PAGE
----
GERMANY

In Germany Christmas traditions vary by region. Until the reformation Saint Nicholas’ Day, December 6, Saint Nicholas was the main provider of Christmas presents. Nikolaus still puts goodies in children’s shoes on that day. Sometimes St. Nicholas visits children in kindergarten, schools or at public events. They have to recite a short poem or sing a song in order to get sweets or a small gift. “Knecht Ruprecht” (the servant Ruprecht) – dressed in dark clothes with devil-like traits (usually noted as a long, bright red tongue and with a stick or a small whip in the hand) – sometimes accompanies St. Nicholas. His duty is to punish those children who haven’t behaved during the year. Usually he doesn’t have much to do. He merely stands near St. Nicholas as a warning to be good and polite. Nikolaus as well for some Glühwein for adults, there are some traditions connected with local firefighters, riders associations and church congregations.
The Sorbs, a minority in Saxony and parts of Brandenbuerg with a language similar to Polish, have some specific traditions. E.g. in Jänschwalde, the Bescherkind Janšojski bog (“presents kid”) is visiting the neighbors, a girl dressed in local costume and veil and goes around with two companions at the Wednesday before Christmas. It provides smaller presents like sweets, similar to the Nikolaus and provides blessings, stays however silent. Another tradition in Saxony is related to the wooden toy making in the Ore Mountains, especially Seiffen provides Christmas related decorations like Christmas pyramid and toys around the year. Christmas letters may be addressed e.g. to Engelskirchen (Angel’s church) or Himmelpforten (Heaven’s gate) or some other in municipalities with matching names. After privatization, Deutsche Post kept the tradition of dedicated Christmas offices, one in each state, answering letters and requests from children.

Currently the actual Christmas gift-giving (German: “Bescherung”) usually takes place on Christmas Eve. This tradition was introduced by Reformator, Martin Luther, as he as of the opinion that one should put the emphasis on Christ’s birth and not on a saint’s day and do away with the connotation that gifts have to be earned by good behavior. The gifts should be seen as a symbol for the gift of God’s grace in Christ. This tradition quickly became common in predominantly Catholic regions as well.

Gifts may be brought by the Weihnachtsmann (translation, “Christmas man”), who resembles either St. Nicholas or the American Santa Claus, or by Christkindl, a sprite-like child who may or may not represent the baby Jesus. After the gifts are opened the children often stay up as late as they like, often till the early hours of the morning.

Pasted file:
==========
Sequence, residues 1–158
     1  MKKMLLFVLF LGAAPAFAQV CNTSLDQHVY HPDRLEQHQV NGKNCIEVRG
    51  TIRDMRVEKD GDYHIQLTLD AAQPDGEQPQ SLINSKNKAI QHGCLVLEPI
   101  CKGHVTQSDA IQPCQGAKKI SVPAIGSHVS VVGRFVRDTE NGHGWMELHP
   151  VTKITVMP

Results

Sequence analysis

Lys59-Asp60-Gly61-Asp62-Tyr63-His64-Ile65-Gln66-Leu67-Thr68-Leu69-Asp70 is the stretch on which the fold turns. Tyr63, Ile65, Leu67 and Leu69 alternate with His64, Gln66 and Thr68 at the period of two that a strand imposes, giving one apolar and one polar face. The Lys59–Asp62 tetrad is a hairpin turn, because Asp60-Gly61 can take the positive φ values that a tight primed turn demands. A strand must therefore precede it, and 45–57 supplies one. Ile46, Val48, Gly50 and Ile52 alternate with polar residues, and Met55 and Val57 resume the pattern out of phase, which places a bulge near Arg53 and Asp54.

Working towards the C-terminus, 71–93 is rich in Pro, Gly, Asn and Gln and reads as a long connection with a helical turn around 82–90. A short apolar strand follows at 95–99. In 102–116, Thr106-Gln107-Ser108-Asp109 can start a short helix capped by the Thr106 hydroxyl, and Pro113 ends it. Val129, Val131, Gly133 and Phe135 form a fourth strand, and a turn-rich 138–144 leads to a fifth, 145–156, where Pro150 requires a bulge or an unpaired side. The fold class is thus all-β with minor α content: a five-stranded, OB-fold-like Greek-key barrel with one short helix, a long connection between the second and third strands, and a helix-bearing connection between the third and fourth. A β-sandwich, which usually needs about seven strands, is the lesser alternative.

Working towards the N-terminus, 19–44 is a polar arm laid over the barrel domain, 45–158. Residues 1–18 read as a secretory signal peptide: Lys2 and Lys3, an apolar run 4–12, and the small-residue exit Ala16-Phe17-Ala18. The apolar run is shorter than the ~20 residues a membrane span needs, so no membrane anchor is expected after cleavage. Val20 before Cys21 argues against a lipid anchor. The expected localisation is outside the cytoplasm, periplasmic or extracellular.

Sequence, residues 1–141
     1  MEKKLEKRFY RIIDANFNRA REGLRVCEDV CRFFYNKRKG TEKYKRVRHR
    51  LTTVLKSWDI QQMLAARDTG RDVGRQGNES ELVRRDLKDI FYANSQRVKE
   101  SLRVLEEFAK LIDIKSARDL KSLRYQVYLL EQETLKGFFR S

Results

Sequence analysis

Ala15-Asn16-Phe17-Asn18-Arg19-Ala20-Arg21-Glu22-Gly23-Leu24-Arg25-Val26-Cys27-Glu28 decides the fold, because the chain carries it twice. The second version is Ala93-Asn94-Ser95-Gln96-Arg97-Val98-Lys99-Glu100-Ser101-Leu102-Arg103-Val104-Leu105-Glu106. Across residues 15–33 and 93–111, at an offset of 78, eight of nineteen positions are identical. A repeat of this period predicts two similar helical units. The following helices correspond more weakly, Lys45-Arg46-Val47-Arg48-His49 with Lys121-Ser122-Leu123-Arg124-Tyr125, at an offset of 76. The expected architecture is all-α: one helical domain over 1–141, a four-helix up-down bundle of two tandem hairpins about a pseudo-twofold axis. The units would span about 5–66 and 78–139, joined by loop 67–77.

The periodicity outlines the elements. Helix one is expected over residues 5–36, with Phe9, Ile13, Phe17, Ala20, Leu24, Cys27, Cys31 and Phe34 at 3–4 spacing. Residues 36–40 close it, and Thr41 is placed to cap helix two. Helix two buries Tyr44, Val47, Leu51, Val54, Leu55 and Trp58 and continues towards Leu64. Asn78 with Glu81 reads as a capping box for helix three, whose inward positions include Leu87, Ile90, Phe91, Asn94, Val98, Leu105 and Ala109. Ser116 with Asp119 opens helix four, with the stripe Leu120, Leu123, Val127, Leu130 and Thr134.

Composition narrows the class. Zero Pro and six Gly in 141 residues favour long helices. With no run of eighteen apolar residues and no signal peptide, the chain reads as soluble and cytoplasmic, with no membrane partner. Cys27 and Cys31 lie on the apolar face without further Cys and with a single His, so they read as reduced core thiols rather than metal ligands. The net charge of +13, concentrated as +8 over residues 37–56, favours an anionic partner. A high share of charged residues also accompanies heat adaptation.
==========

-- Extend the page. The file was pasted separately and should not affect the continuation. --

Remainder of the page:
The Christmas tree is first put up and decorated on the morning of the 24th. The gifts are then placed under the tree. Christmas services in the church serve as well to exchange greetings with neighbors and friends. After an evening meal one of the parents usually goes into the room where the tree is standing, lights the candles and rings a little bell. Then the children are allowed to go into the candlelit room. In many families it is still a custom to sing Christmas songs around the tree before opening up the presents. Some families attend a midnight church service “Christmette” after the evening meal and gift-giving.

The culinary feast either takes place at supper on Christmas Eve or on the first day of Christmas. Traditions vary from region to region; carp is eaten in many parts of the country. Potato salad with frankfurter or wiener-sausages is popular in some families. Another simple meal which some families favor, especially in regions where Christmas Eve still has the character of a fast day, is vegetable or pea soup. In some regions, especially in Schleswig-Holstein where Danish influence is noticeable, a roasted duck or goose filled with plums, apples and raisins is family tradition. In other regions, especially in Mecklenburg and Pomerania, many families prefer kale with boiled potatoes, special sausages and ham. Many families have developed new traditions for themselves and eat such meals as meat fondue or raclette. In almost all families in all parts of Germany you find a wide variety of Christmas cookies baked according to recipes typical for the family and the region.

“Lüttenweihnachten” describes the hunting and forestry custom of providing a Christmas tree with food decorated for animals.

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